Bill Snyder | Newswise Science News
Nanoparticle Exposure Can Awaken Dormant Viruses in the Lungs
16.01.2017 | Helmholtz Zentrum München - Deutsches Forschungszentrum für Gesundheit und Umwelt
Cholera bacteria infect more effectively with a simple twist of shape
13.01.2017 | Princeton University
Among the general public, solar thermal energy is currently associated with dark blue, rectangular collectors on building roofs. Technologies are needed for aesthetically high quality architecture which offer the architect more room for manoeuvre when it comes to low- and plus-energy buildings. With the “ArKol” project, researchers at Fraunhofer ISE together with partners are currently developing two façade collectors for solar thermal energy generation, which permit a high degree of design flexibility: a strip collector for opaque façade sections and a solar thermal blind for transparent sections. The current state of the two developments will be presented at the BAU 2017 trade fair.
As part of the “ArKol – development of architecturally highly integrated façade collectors with heat pipes” project, Fraunhofer ISE together with its partners...
At TU Wien, an alternative for resource intensive formwork for the construction of concrete domes was developed. It is now used in a test dome for the Austrian Federal Railways Infrastructure (ÖBB Infrastruktur).
Concrete shells are efficient structures, but not very resource efficient. The formwork for the construction of concrete domes alone requires a high amount of...
Many pathogens use certain sugar compounds from their host to help conceal themselves against the immune system. Scientists at the University of Bonn have now, in cooperation with researchers at the University of York in the United Kingdom, analyzed the dynamics of a bacterial molecule that is involved in this process. They demonstrate that the protein grabs onto the sugar molecule with a Pac Man-like chewing motion and holds it until it can be used. Their results could help design therapeutics that could make the protein poorer at grabbing and holding and hence compromise the pathogen in the host. The study has now been published in “Biophysical Journal”.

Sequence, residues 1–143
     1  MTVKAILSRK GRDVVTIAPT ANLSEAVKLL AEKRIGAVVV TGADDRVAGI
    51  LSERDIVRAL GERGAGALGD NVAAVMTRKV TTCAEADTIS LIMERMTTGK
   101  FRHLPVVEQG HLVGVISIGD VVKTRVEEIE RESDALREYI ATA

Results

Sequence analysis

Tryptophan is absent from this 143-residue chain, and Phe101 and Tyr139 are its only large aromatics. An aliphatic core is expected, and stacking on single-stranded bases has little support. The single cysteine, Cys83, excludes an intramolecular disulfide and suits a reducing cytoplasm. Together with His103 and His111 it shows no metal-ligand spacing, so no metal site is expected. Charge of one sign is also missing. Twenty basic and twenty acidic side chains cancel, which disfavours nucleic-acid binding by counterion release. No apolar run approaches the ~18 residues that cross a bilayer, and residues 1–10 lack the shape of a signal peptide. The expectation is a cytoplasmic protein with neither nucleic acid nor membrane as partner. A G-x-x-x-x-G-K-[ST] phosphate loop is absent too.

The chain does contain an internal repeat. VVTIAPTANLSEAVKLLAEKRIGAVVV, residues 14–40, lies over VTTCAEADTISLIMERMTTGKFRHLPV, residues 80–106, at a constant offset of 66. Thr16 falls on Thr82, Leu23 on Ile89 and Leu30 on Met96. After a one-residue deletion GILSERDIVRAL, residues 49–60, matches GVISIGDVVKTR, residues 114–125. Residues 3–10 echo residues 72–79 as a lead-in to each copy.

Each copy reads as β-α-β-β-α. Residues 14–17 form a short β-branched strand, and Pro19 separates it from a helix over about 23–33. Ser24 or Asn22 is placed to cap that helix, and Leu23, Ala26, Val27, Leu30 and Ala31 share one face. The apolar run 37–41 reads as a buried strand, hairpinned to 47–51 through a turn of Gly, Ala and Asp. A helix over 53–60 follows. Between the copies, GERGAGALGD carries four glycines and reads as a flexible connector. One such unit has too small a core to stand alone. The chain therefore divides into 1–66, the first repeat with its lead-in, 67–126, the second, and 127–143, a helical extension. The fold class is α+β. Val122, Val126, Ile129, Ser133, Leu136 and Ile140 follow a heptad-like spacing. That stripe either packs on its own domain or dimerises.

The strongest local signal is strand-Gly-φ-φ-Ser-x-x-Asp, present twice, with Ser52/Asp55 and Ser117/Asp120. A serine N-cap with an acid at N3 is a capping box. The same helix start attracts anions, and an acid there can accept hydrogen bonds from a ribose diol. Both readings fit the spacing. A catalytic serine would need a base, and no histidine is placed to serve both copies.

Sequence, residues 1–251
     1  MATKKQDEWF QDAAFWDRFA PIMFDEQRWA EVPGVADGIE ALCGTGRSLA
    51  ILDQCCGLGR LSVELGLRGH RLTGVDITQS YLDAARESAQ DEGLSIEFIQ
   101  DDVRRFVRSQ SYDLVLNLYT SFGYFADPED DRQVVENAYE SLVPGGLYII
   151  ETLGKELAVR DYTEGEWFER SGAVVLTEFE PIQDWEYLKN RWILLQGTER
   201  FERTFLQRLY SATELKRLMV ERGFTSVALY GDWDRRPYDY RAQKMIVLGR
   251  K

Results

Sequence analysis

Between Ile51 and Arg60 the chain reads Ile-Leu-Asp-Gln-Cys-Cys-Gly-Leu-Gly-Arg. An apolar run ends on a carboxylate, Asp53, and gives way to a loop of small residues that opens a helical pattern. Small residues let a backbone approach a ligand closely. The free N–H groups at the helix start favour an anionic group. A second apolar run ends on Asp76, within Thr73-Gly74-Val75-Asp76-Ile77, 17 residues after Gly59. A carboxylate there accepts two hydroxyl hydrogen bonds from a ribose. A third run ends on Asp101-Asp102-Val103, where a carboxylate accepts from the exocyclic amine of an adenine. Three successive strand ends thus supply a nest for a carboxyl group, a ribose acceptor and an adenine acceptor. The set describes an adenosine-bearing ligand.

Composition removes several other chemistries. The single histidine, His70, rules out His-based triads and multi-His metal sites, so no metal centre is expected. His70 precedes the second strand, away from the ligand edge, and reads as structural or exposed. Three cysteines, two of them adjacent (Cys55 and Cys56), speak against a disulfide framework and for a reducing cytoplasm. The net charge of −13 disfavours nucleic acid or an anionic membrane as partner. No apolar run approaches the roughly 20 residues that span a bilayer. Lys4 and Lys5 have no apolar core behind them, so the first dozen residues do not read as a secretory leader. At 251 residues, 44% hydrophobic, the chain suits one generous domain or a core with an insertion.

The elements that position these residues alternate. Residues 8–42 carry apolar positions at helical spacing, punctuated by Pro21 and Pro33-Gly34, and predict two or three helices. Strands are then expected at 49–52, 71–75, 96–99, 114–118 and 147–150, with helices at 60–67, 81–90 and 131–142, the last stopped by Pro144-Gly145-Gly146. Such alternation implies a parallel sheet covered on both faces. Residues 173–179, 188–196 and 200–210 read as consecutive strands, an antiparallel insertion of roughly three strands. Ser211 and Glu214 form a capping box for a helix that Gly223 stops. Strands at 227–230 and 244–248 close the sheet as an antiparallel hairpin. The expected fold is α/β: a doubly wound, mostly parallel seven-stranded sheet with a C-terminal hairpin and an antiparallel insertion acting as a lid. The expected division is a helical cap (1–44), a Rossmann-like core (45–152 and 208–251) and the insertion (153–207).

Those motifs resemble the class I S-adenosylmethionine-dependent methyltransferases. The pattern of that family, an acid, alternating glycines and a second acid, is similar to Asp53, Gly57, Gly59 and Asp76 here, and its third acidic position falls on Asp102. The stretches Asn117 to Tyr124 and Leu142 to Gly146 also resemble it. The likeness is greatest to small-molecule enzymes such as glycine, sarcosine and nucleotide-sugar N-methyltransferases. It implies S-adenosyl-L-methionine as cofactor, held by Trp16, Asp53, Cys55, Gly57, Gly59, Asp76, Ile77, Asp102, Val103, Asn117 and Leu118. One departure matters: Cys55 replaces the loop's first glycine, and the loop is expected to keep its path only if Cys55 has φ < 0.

The cells of the mouth, nose and intestinal mucosa produce large quantities of a chemical called sialic acid. Many bacteria possess a special transport system...
UMD, NOAA collaboration demonstrates suitability of in-orbit datasets for weather satellite calibration
"Traffic and weather, together on the hour!" blasts your local radio station, while your smartphone knows the weather halfway across the world. A network of...
Fiber-reinforced plastics (FRP) are frequently used in the aeronautic and automobile industry. However, the repair of workpieces made of these composite materials is often less profitable than exchanging the part. In order to increase the lifetime of FRP parts and to make them more eco-efficient, the Laser Zentrum Hannover e.V. (LZH) and the Apodius GmbH want to combine a new measuring device for fiber layer orientation with an innovative laser-based repair process.
Defects in FRP pieces may be production or operation-related. Whether or not repair is cost-effective depends on the geometry of the defective area, the tools...
10.01.2017 | Event News
09.01.2017 | Event News
05.01.2017 | Event News
16.01.2017 | Power and Electrical Engineering
16.01.2017 | Information Technology
16.01.2017 | Power and Electrical Engineering